One of the fundamental questions in politics is: what should be done by the state, and what by the private sector? In at least one respect, I suspect that we have the mix wrong because there is a strong case for nationalizing pension provision – stronger, I suspect, than is the case for nationalizing utilities.
I say so because, as I point out in the day job, retirees and those approaching retirement face enormous uncertainties if they are managing their own pension: how long will I live? What will my spending needs be? And what will be investment returns? (Yes, equity returns have been great in recent decades, but we have no assurance whatsoever that the future will resemble the past.)
The state, however, is much better placed than the private sector to bear these risks. It can obviously pool longevity risk. And tax revenues are more stable than investment returns: in the financial crisis they fell only 3.4 per cent peak-to trough whereas MSCI’s world index in sterling terms fell eight times as much*. In particular, there is one source of risk to equity returns that the state can pool whereas retirees cannot – distribution risk, the danger of a shift in incomes from profits to wages. This would clobber (pdf) share prices, but not tax revenues.
And then, of course, there are deadweight costs. A private pension fund manager might easily charge a management fee of 0.5 per cent per year. On a £100,000 pension pot invested over 20 years, that can add up to over £20,000. State pensions are cheaper to administer. Fund managers are rich, civil servants are not, That’s a clue.
A common objection to a higher state pension is that it is unaffordable. This is nonsense in both fact and theory.
It’s nonsense in fact because spending on the UK state pension is projected to stay low. The OBR estimates that spending on pensions and other old-age benefits will rise from around six per cent of GDP now to 7.9 per cent in 2057-58. This would mean the state will spend less then than many European countries do today – among them Germany, which is not noted for fiscal profligacy.
It’s nonsense in theory too because, in a closed economy, all pensioners’ incomes must come from value-added created by current workers. The question is whether they pay pensioners via the tax system, or via the dividends and interest their employers pay**. For a given level of pensions, the burden is the same – only the name changes.
Granted, private pensions change this calculation by investing overseas and so extracting pensioners’ incomes from foreign workers. But the state can do this too. As Eric Lonergan has argued, we could set up a sovereign wealth fund which borrows at current gilt yields (almost minus 2% real) to buy higher yielding assets. Over time, this should give us all a big pension pot.
Even without that, however, we can achieve a sort of creeping nationalization over time by slightly strengthening the triple lock, one of George Osborne’s few laudable achievements in office. If we could look forward to a more generous state pension, we’d have less need to buy a private one so the latter would gradually wither.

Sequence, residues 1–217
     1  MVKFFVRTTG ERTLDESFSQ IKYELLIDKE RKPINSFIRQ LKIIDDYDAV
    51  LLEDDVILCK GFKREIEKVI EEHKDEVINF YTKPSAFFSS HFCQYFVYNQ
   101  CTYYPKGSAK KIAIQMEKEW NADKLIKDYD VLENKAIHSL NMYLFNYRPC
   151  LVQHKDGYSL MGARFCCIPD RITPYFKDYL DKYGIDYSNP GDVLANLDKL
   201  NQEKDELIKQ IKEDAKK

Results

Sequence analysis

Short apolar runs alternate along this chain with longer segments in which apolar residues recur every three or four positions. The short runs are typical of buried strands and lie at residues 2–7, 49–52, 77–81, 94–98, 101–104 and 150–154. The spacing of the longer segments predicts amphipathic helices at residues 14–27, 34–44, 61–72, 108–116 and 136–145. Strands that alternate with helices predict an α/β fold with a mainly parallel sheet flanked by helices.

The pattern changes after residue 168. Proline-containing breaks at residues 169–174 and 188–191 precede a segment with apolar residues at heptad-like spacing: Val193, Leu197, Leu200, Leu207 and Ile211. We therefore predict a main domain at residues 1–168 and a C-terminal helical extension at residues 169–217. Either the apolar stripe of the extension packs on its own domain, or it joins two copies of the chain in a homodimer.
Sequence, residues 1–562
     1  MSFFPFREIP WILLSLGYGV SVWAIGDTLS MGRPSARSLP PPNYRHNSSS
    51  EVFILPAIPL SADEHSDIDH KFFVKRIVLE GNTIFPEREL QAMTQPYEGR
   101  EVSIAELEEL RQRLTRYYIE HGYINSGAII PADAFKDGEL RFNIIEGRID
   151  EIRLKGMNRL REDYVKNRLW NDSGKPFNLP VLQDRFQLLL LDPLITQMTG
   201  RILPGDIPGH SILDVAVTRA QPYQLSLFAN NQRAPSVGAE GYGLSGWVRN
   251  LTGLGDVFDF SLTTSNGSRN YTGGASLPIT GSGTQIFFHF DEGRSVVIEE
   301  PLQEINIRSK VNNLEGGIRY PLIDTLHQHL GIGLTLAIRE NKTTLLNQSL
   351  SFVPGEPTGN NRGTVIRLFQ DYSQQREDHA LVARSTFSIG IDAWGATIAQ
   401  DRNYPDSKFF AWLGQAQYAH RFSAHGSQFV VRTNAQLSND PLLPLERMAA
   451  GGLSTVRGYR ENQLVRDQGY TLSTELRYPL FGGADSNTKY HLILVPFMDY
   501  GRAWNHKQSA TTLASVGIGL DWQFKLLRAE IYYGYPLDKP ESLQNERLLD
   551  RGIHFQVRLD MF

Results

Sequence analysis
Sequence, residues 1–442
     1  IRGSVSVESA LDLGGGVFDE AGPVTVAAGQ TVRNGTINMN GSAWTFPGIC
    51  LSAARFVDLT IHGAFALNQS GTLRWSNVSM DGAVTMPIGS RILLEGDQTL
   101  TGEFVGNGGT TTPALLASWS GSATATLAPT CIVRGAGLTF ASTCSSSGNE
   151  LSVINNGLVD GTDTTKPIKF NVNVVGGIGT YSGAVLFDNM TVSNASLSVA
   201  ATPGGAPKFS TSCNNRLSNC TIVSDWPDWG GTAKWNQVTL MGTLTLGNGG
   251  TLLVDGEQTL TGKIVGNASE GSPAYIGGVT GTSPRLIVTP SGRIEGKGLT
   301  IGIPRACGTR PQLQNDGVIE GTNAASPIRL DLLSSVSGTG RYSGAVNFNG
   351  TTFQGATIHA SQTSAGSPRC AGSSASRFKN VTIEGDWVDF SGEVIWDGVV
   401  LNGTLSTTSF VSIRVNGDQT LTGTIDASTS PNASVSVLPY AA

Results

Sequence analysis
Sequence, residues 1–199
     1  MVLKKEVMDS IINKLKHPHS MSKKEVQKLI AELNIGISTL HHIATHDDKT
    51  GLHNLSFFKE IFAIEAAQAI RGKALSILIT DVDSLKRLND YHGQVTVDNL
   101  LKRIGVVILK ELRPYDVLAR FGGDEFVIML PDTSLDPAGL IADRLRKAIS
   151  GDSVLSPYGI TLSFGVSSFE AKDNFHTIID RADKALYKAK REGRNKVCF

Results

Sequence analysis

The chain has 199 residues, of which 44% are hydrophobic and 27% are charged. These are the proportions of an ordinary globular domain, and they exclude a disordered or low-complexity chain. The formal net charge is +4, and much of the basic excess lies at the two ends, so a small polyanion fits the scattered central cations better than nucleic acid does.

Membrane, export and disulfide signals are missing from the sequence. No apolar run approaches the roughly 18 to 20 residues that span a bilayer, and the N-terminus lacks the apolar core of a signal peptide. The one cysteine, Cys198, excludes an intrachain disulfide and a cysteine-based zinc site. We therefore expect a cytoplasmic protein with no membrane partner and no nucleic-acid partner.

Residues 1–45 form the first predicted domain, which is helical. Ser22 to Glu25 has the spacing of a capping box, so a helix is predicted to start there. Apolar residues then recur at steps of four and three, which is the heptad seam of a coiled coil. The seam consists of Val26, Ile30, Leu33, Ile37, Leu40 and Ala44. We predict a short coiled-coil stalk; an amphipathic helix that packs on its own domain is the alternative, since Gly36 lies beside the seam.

We should regard the privatization of pensions as an example of how technocratic economic rationality can conflict with the logic of capitalism. Technocratic rationality says there’s a case for high state pensions. The logic of capitalism, however, requires that capitalist firms have sources of profits.
Another issue here is of course political risk: can we trust future governments to continue to raise pensions? Doing so requires there to be strong public demand for such a rise so that governments will fear a backlash if they do backslide. In this respect, the British can learn a lot from French protesters against pension cuts. We must regard a high and rising state pension not as a benefit but as an entitlement.
Which brings me to an under-appreciated point. The problem here is not merely one of economic privatization. A feature of modern British capitalism – neoliberalism if you like – has been a form of psychological privatization. What should be regarded as social problems have become individual ones. We see this with a lot of discussion of personal debt and mental health – an insufficient awareness of the social pressures which generate these. The same has happened with pensions. The question: “how can we as a society provide a decent income for older people?” has become: “how can I provide for my pension?” For too many – even the well-informed and affluent – this is too difficult a question.
* Of course, returns on more balanced portfolios were far more stable than equities – especially if they held decent quantities of non-sterling cash. But there are huge uncertainties about future risks and returns to balanced portfolios as well.
** OK, so taxes might deter investment, if they are badly designed. But so too do dividends and interest: high equity returns and bond yields mean a high cost of capital, by definition.